Further on local infrastructure—all of which is going to lead to people throughout my electorate and the whole of the south-east of Melbourne as well as many other parts of the country seeing construction commencing on useful projects—last week I was able to join the Minister for Housing, the Hon. Tanya Plibersek, in announcing social housing projects in my electorate, which will see the upgrade of homes in Chelsea Heights, Aspendale, Dandenong and Noble Park at a cost of over $200,000. This will not merely improve the standard of the social housing that is the subject of the spending but also create local jobs. Again, the member for Bruce, the Minister for Veterans’ Affairs, was present with me at the announcement made by the Minister for Housing in relation to social housing projects in Dandenong in his electorate of Bruce. Construction firms told us at the places I visited with the Minister for Housing last week that they were going to be putting on extra staff to undertake the kinds of works that are involved in these social housing projects.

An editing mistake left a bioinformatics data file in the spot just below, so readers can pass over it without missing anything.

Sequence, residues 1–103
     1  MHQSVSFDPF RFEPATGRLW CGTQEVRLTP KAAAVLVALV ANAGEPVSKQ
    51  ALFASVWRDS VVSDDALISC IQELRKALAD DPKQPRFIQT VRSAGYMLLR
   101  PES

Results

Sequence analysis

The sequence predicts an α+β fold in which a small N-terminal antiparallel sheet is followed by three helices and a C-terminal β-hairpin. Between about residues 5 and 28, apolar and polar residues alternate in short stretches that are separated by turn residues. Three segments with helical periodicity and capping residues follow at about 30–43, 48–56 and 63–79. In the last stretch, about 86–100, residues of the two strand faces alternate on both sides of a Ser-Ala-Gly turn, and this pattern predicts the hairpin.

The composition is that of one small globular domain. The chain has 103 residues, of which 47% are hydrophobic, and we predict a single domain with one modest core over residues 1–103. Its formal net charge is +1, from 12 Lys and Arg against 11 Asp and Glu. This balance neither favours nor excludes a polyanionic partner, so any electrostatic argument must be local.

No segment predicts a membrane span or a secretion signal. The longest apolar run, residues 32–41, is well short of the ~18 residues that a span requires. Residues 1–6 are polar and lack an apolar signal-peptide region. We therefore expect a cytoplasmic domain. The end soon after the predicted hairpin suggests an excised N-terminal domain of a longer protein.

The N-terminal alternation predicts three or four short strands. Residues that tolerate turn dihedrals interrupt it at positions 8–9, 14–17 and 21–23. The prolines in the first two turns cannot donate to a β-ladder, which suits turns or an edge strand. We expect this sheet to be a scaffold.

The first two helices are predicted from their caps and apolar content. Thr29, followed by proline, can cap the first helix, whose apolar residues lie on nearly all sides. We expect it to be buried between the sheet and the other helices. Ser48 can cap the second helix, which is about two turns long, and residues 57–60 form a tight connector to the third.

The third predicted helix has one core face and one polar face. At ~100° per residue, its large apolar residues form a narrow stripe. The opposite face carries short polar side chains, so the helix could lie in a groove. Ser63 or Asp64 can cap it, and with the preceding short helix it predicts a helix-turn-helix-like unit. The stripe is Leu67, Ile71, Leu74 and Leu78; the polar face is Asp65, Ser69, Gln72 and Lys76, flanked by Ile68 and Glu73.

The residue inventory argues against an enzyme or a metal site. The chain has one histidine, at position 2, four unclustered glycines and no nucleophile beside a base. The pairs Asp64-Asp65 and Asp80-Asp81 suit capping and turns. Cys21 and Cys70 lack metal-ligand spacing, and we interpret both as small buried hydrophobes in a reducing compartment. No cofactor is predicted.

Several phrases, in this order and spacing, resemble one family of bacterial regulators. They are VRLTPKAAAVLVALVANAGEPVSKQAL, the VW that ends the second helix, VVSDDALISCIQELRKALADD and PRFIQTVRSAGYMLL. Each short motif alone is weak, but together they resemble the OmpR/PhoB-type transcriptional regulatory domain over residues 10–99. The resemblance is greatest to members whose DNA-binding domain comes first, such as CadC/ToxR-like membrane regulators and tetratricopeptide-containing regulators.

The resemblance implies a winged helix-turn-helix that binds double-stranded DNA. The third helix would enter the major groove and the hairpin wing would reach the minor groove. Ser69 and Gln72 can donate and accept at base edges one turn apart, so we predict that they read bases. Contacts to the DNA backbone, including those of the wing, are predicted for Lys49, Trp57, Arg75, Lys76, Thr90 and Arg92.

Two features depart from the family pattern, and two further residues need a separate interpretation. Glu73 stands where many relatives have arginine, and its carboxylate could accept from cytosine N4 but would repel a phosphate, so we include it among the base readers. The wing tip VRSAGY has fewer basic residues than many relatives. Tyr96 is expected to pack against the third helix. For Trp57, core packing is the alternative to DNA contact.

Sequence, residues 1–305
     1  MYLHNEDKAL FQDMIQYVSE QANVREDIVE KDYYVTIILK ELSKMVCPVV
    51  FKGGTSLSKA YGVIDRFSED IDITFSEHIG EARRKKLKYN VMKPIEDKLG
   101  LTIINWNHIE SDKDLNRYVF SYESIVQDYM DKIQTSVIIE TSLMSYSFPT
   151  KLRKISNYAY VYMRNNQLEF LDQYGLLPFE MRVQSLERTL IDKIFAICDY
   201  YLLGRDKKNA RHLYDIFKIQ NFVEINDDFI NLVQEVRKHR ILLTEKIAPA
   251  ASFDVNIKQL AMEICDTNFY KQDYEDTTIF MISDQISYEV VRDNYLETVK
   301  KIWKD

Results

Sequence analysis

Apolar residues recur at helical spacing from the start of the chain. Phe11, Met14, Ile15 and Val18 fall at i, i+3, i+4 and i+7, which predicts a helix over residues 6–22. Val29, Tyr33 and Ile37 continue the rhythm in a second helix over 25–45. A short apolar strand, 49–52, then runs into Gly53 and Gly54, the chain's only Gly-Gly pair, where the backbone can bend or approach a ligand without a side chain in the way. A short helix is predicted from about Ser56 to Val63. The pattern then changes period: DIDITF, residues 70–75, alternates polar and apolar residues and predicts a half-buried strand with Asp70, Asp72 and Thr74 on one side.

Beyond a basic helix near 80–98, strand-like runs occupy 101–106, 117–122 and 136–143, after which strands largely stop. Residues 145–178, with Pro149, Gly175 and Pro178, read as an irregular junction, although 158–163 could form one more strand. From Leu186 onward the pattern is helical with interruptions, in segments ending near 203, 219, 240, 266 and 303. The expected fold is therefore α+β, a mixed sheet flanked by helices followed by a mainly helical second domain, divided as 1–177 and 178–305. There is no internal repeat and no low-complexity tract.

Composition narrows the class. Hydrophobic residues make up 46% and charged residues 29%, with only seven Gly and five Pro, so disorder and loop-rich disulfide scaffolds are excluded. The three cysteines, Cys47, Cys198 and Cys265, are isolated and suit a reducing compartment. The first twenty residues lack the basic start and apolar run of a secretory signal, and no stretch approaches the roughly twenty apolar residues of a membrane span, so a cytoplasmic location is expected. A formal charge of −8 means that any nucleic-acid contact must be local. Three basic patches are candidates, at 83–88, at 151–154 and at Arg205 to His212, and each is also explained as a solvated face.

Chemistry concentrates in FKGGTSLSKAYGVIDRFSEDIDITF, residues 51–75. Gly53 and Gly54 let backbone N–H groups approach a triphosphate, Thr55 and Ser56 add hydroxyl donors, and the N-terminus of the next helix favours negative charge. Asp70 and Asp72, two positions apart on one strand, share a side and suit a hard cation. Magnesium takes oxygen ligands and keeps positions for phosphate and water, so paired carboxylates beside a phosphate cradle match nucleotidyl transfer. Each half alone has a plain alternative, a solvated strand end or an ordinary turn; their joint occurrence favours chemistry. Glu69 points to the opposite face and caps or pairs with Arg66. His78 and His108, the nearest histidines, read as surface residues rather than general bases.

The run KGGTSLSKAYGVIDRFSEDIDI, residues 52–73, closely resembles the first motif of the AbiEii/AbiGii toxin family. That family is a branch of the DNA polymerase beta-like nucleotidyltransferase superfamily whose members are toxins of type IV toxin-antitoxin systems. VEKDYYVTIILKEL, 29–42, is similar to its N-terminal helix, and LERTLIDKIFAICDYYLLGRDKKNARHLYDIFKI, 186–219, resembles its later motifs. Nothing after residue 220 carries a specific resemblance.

To return to the appropriations bills and to look at the specific budget measures, another infrastructure project of direct relevance to south-east Melbourne and to my electorate is the Dandenong intermodal terminal. This budget includes some $50 million for the Altona-Laverton precinct and the Dandenong intermodal terminal. These projects will improve rail connectivity, provide intermodal terminals and generally expand the capacity of transport networks in Melbourne to handle freight, which of course is wholly appropriate for the high level of manufacturing activity that takes place within metropolitan Melbourne and uses the facilities of the port of Melbourne.